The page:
Europe's stance of supporting the kleptocracies and thereby bolstering political Islam has led to an ambivalent attitude to the continent among many Egyptian intellectuals. On the one hand we understand that the future of humankind and the planet Earth depend on us standing together against regimes that make themselves accomplices to the stupidity, short-sightedness and greed of the multinationals. On the other hand, we see that these regimes now have unprecedented power to influence public opinion. Berlusconi is the prime example of how low a democratic system can go.
The Arab revolutions we are experiencing today are not taking place because people have lost patience, but because our cultural project has recovered strength and the citizen inside every individual is reawakening. This is coupled with a worldwide feeling that the planet Earth is threatened by one and the same colonial project. Not by the colonialism that once enslaved the Africans and wiped out indigenous populations or forced Catholicism onto "backward" cultures, but by a colonialism that threatens the entirety of humankind – by destroying the planet on which we live.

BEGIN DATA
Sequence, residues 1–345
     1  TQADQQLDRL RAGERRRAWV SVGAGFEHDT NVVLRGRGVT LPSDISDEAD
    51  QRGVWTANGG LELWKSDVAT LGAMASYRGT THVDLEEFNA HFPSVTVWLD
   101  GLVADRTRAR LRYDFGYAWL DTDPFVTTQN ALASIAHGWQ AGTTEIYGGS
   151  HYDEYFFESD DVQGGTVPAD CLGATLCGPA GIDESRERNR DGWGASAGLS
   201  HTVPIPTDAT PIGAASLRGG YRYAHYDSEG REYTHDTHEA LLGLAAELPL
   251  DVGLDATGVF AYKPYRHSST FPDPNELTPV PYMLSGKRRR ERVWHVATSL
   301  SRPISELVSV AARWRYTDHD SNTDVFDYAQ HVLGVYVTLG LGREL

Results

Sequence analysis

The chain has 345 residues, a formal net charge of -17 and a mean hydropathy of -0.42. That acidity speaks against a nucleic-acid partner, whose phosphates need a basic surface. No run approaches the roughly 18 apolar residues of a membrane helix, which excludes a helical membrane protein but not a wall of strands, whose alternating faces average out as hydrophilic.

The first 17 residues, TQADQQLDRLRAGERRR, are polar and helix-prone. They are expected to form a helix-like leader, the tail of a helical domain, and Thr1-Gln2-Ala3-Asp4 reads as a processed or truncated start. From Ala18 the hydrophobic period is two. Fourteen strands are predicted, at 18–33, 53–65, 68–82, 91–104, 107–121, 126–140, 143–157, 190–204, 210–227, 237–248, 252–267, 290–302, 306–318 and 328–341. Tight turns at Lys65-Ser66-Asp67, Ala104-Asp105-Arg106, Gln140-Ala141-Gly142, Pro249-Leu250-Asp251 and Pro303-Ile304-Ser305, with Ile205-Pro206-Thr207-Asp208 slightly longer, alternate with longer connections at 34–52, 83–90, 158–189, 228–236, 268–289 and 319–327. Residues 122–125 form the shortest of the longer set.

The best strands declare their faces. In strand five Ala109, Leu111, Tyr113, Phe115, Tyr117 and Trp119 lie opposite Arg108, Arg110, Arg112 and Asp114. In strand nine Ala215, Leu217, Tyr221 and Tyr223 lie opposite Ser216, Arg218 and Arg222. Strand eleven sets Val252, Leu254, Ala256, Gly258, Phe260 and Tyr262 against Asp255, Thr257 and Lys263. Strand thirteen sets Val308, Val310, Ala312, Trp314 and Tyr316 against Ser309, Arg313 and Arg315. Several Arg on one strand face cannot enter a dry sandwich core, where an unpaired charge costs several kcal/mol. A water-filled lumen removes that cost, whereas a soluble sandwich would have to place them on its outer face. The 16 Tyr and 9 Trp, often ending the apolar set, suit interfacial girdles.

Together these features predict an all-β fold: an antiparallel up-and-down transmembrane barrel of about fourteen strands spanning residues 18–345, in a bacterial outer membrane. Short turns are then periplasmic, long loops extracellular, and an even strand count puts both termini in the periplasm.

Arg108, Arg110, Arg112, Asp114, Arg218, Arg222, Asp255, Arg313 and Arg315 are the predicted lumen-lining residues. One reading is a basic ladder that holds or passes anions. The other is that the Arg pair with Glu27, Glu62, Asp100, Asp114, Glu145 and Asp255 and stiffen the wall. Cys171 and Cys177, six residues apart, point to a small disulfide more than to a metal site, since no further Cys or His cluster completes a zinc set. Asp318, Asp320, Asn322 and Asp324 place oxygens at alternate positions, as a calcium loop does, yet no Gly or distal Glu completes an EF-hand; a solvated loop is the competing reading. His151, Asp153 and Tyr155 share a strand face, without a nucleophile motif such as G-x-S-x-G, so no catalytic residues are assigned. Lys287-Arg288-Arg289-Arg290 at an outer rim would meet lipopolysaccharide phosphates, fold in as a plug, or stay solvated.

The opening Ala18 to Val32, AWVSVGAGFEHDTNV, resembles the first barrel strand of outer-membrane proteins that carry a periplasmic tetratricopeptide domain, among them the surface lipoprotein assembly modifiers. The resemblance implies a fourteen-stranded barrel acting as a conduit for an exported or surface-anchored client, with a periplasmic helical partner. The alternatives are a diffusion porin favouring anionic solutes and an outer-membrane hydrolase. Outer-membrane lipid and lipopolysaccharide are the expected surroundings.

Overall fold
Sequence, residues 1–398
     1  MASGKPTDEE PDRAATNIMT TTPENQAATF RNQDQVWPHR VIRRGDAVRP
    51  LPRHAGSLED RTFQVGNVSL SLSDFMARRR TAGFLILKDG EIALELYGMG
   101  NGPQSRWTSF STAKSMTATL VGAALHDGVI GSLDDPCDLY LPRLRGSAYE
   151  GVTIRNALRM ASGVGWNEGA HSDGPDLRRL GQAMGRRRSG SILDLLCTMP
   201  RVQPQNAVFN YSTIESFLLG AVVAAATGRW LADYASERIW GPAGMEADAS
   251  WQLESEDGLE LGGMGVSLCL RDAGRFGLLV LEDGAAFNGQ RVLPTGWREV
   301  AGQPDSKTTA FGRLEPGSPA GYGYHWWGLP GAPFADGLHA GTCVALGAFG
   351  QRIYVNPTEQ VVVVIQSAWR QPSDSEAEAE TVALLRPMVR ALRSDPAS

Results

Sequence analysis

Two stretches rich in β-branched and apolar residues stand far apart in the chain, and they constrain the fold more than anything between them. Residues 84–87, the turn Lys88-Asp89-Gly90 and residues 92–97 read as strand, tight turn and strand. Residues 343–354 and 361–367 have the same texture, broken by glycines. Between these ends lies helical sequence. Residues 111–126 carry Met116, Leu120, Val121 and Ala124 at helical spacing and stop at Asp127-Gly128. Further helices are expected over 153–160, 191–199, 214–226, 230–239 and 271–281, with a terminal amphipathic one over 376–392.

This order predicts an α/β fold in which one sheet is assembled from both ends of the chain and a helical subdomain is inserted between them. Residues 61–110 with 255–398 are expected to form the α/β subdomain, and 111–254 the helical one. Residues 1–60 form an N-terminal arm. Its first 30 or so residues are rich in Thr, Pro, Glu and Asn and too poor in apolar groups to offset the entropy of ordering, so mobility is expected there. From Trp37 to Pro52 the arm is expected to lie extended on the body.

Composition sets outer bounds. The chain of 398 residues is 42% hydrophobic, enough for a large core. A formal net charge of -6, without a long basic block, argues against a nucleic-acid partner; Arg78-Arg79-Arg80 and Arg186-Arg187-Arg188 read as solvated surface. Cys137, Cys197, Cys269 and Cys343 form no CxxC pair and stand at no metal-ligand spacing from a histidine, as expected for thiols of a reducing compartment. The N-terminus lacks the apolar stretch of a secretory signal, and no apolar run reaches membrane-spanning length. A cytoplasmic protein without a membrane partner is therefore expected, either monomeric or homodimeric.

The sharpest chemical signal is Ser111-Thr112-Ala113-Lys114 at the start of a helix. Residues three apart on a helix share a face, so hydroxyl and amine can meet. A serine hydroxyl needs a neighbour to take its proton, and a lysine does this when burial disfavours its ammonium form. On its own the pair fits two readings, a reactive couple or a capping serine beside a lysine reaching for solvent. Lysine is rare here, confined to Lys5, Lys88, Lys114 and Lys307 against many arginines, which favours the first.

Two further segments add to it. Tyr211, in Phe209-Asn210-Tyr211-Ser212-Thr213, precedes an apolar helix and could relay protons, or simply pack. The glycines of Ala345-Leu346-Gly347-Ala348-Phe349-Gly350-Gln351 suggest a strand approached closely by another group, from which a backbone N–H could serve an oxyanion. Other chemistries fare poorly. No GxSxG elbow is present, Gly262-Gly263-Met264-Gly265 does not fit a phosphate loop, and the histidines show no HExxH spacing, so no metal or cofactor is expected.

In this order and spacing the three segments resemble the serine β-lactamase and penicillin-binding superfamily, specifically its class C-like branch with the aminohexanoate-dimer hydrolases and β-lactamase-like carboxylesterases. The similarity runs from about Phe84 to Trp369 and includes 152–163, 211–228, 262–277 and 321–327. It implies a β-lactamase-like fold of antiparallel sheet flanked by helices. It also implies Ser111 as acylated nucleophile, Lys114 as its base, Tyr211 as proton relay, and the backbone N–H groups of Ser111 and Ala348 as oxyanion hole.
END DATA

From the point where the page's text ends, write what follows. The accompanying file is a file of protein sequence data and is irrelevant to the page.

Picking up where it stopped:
What, then, must we do? I believe we should uphold the values of rationality and reason, the values of culture and science, at the same time highlighting which cheap "culture" – including the media – is involved in propping up the rich. And we should be very critical of ourselves as we do so.
The Arab revolutions have opened up the possibility of forging a new friendship with Europe and the entire world. We can turn over a new page in human history and raise ourselves above the phase of oppression – of bleeding dry our planet and our Arab resources – by leaving the swamp of the past and entering a new terrain.
Dear Stefan Weidner, you mention in your letter those who defend the "Western" values of freedom, justice and solidarity. I would like to ask you in turn: are freedom, justice, solidarity, democracy and liberalism Western or European values in your eyes? Is the novel the European form of creative writing? What do you think?